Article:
These results have a potential use in forensic science, since it suggests that, given large databases of names and Y chromosome profiles, surname prediction from DNA alone may be feasible.

Ather Mirza | alfa
Further information:
http://www.le.ac.uk
http://www.le.ac.uk/users/tek2/tek2.html

More articles from Life Sciences:

nachricht Viruses support photosynthesis in bacteria – an evolutionary advantage?
23.02.2017 | Technische Universität Kaiserslautern

nachricht Scientists unlock ability to generate new sensory hair cells
22.02.2017 | Brigham and Women's Hospital

All articles from Life Sciences >>>

The most recent press releases about innovation >>>

Die letzten 5 Focus-News des innovations-reports im Überblick:

Im Focus: Breakthrough with a chain of gold atoms

In the field of nanoscience, an international team of physicists with participants from Konstanz has achieved a breakthrough in understanding heat transport

In the field of nanoscience, an international team of physicists with participants from Konstanz has achieved a breakthrough in understanding heat transport

Im Focus: DNA repair: a new letter in the cell alphabet

Results reveal how discoveries may be hidden in scientific “blind spots”

Cells need to repair damaged DNA in our genes to prevent the development of cancer and other diseases. Our cells therefore activate and send “repair-proteins”...

Im Focus: Dresdner scientists print tomorrow’s world

The Fraunhofer IWS Dresden and Technische Universität Dresden inaugurated their jointly operated Center for Additive Manufacturing Dresden (AMCD) with a festive ceremony on February 7, 2017. Scientists from various disciplines perform research on materials, additive manufacturing processes and innovative technologies, which build up components in a layer by layer process. This technology opens up new horizons for component design and combinations of functions. For example during fabrication, electrical conductors and sensors are already able to be additively manufactured into components. They provide information about stress conditions of a product during operation.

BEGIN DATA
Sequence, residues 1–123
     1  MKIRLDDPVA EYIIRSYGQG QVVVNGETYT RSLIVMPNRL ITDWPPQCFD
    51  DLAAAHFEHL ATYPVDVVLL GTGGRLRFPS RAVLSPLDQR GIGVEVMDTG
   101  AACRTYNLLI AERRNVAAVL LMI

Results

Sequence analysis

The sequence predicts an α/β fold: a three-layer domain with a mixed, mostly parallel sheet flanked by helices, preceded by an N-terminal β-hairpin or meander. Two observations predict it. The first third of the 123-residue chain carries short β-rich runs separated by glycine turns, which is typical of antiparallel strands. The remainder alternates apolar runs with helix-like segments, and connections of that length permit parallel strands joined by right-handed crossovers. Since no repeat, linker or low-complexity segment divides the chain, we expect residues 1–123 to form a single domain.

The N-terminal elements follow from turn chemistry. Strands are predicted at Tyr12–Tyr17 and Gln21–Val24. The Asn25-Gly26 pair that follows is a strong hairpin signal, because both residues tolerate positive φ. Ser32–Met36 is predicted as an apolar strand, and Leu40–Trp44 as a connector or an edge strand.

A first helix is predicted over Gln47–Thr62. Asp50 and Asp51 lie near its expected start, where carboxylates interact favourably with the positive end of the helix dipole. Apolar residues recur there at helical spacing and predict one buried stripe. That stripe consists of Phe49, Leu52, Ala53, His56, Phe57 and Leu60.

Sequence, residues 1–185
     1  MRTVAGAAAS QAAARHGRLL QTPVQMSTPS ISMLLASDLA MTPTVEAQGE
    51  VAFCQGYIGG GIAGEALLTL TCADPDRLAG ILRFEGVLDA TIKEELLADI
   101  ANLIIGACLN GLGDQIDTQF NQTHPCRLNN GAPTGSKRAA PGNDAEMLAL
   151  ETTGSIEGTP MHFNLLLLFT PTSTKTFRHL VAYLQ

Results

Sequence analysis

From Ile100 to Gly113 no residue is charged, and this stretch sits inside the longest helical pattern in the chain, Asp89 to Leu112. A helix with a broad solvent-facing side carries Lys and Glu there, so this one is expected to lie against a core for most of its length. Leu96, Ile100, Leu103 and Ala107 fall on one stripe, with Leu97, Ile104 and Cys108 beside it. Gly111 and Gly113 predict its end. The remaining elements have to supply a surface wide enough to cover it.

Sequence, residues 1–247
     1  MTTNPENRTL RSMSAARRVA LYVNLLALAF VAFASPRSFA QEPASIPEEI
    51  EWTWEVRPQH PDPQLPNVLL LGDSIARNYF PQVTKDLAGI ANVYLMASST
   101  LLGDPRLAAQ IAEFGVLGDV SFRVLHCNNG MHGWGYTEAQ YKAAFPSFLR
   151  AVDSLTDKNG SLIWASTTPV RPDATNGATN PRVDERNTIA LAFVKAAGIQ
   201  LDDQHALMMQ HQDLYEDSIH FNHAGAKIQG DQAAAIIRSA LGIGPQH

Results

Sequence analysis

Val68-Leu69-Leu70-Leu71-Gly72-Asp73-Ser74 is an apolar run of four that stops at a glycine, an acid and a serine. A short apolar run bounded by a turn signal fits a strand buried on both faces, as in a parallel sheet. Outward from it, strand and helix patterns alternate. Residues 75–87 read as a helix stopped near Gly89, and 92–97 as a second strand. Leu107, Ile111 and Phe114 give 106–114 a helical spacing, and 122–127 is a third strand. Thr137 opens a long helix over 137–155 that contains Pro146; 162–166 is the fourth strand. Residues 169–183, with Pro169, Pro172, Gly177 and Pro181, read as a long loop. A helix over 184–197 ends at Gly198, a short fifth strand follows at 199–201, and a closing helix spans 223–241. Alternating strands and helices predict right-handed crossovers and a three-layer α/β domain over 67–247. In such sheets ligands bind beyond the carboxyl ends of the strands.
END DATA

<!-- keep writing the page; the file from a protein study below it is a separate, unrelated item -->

The 3D-printing technology, or additive manufacturing as it is often called, has long made the step out of scientific research laboratories into industrial...

Im Focus: Mimicking nature's cellular architectures via 3-D printing

Research offers new level of control over the structure of 3-D printed materials

Nature does amazing things with limited design materials. Grass, for example, can support its own weight, resist strong wind loads, and recover after being...

Im Focus: Three Magnetic States for Each Hole

Nanometer-scale magnetic perforated grids could create new possibilities for computing. Together with international colleagues, scientists from the Helmholtz Zentrum Dresden-Rossendorf (HZDR) have shown how a cobalt grid can be reliably programmed at room temperature. In addition they discovered that for every hole ("antidot") three magnetic states can be configured. The results have been published in the journal "Scientific Reports".

Physicist Dr. Rantej Bali from the HZDR, together with scientists from Singapore and Australia, designed a special grid structure in a thin layer of cobalt in...

All Focus news of the innovation-report >>>

Anzeige

Anzeige

Event News

Booth and panel discussion – The Lindau Nobel Laureate Meetings at the AAAS 2017 Annual Meeting

13.02.2017 | Event News

Complex Loading versus Hidden Reserves

10.02.2017 | Event News

International Conference on Crystal Growth in Freiburg

09.02.2017 | Event News

 
Latest News

Viruses support photosynthesis in bacteria – an evolutionary advantage?

23.02.2017 | Life Sciences

Researchers pave the way for ionotronic nanodevices

23.02.2017 | Power and Electrical Engineering

Microhotplates for a smart gas sensor

22.02.2017 | Power and Electrical Engineering

VideoLinks
B2B-VideoLinks
More VideoLinks >>>